Using Machine Learning Techniques for Prediction and Data Generation with Applications to Data Privacy
Abay, Nazmiye Ceren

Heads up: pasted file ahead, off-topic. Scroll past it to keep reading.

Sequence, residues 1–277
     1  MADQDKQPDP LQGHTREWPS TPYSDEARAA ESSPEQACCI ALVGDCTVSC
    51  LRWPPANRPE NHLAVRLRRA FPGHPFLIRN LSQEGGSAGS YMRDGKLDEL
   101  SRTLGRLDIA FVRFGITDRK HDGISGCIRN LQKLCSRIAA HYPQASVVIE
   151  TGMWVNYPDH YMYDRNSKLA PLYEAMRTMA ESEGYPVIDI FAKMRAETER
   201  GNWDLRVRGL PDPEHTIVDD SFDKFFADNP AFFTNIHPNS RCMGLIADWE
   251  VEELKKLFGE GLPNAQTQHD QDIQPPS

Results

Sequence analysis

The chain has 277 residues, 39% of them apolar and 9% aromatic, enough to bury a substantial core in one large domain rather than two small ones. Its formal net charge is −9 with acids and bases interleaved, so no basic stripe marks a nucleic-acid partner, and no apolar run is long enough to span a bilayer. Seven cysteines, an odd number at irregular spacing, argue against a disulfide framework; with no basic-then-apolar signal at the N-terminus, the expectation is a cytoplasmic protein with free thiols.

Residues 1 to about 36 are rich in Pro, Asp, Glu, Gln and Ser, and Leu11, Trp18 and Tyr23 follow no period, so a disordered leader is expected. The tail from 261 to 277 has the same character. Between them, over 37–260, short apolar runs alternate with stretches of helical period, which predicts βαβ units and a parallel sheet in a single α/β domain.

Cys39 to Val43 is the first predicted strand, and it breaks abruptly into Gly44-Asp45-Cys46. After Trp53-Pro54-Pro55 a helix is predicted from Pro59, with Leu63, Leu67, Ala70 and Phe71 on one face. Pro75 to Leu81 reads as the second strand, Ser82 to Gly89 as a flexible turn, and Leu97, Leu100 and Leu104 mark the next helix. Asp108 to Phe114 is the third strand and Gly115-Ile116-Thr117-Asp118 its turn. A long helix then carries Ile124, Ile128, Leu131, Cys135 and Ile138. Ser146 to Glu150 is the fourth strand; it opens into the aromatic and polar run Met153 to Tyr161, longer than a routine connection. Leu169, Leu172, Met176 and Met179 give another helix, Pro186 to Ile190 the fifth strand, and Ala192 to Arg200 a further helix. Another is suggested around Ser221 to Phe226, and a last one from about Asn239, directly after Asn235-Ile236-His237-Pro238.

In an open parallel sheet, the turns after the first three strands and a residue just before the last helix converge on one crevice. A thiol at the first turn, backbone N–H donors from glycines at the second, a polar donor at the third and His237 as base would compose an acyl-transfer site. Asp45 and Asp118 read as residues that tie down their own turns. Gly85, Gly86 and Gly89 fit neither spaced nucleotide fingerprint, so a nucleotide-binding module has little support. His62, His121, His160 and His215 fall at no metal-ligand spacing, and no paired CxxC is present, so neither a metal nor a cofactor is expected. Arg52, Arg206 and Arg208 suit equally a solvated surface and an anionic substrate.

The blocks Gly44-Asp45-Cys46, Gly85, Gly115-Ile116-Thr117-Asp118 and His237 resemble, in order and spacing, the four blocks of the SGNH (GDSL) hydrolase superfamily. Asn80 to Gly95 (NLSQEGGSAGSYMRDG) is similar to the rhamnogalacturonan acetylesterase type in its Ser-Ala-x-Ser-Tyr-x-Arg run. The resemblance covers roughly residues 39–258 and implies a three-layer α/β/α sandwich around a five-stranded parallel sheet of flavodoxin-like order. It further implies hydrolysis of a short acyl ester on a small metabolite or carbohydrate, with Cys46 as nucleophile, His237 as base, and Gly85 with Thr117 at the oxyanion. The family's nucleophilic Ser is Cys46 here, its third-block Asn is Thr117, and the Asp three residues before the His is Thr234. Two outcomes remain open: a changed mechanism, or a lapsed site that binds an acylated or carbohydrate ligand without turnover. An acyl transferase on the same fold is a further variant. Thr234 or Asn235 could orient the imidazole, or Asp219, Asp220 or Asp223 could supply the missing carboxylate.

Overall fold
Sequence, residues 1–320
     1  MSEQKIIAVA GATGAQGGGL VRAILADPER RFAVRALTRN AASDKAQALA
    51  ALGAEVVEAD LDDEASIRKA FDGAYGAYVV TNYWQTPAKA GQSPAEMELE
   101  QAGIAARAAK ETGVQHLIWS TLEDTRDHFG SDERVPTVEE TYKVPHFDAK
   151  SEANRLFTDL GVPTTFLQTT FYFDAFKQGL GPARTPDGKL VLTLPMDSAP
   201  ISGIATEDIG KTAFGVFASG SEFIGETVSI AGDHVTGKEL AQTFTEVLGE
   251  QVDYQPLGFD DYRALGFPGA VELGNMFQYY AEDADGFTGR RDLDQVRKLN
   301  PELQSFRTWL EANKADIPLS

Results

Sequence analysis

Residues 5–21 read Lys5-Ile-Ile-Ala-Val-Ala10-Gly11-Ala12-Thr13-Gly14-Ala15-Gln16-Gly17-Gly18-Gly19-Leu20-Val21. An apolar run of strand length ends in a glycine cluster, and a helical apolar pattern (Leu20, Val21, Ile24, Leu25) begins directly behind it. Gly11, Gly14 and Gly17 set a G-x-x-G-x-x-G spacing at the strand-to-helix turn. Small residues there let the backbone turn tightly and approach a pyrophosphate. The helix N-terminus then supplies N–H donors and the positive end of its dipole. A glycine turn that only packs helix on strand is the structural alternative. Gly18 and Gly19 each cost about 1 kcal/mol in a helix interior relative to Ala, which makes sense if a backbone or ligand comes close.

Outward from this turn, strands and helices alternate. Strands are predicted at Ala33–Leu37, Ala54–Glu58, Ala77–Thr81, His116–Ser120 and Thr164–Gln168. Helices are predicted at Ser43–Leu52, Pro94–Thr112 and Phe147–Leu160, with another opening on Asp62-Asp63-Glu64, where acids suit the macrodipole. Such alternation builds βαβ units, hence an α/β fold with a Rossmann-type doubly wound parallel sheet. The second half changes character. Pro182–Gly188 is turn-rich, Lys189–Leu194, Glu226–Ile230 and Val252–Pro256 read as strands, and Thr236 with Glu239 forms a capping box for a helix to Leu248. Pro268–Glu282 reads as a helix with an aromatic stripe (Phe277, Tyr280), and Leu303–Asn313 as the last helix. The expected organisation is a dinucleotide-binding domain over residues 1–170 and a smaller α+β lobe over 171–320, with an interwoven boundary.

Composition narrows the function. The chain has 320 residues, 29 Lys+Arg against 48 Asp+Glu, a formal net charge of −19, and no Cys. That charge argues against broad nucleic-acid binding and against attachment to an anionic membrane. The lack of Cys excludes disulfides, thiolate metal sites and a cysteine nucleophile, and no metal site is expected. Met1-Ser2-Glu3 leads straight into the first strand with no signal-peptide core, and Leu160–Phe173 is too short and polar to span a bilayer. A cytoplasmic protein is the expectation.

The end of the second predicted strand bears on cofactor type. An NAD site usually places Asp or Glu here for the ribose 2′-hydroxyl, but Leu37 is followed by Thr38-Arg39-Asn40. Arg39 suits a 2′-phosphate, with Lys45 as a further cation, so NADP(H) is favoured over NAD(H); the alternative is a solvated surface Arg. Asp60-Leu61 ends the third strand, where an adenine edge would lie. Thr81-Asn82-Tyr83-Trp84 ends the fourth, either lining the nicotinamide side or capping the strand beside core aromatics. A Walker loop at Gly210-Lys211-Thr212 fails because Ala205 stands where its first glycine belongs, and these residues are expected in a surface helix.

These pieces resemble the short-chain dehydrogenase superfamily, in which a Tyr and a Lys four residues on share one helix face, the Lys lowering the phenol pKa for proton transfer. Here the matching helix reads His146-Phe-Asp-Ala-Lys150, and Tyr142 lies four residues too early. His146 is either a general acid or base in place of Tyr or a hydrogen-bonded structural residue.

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Increasingly, machine learning (ML) applications are developed and become an integral part of many real-world applications. Especially, ML techniques are heavily used in research and industry to help make effective decisions. Despite the apparent recent success of ML techniques, there exist some domain-specific challenges that require in-depth investigations with respect to predictive accuracy, privacy protection and cybersecurity. In this dissertation, we start with understanding the usability of ML techniques in the cryptocurrency transaction domain (e.g., Bitcoin) where there is no privacy concern (i.e., all Bitcoin transaction information is public) and show how to use ML techniques to make better predictions in real-time. For application domains that involve sensitive data, collecting, sharing and refining of these sensitive data may raise serious privacy concerns. To address these concerns, we propose a privacy preserving synthetic data generation technique that leverages deep learning. The proposed technique allows participants to share the synthetic datasets freely without worrying about the individual privacy. Furthermore, we compare our proposed technique with the existing synthetic data generation algorithms, and investigate the utility of these algorithms under different use cases. Finally, we explore the usage of the generated synthetic data to improve the cybersecurity posture of the organizations. Basically, we show that the generated synthetic data not only protect individual privacy but can be used to deceive (i.e., the synthetic data is indistinguishable from the real data) the potential cyberattackers. This in return could be used to reduce sensitive data leakage under successful cyberattacks where an attacker could be deceived to target synthetic data instead of the real, and sensitive data.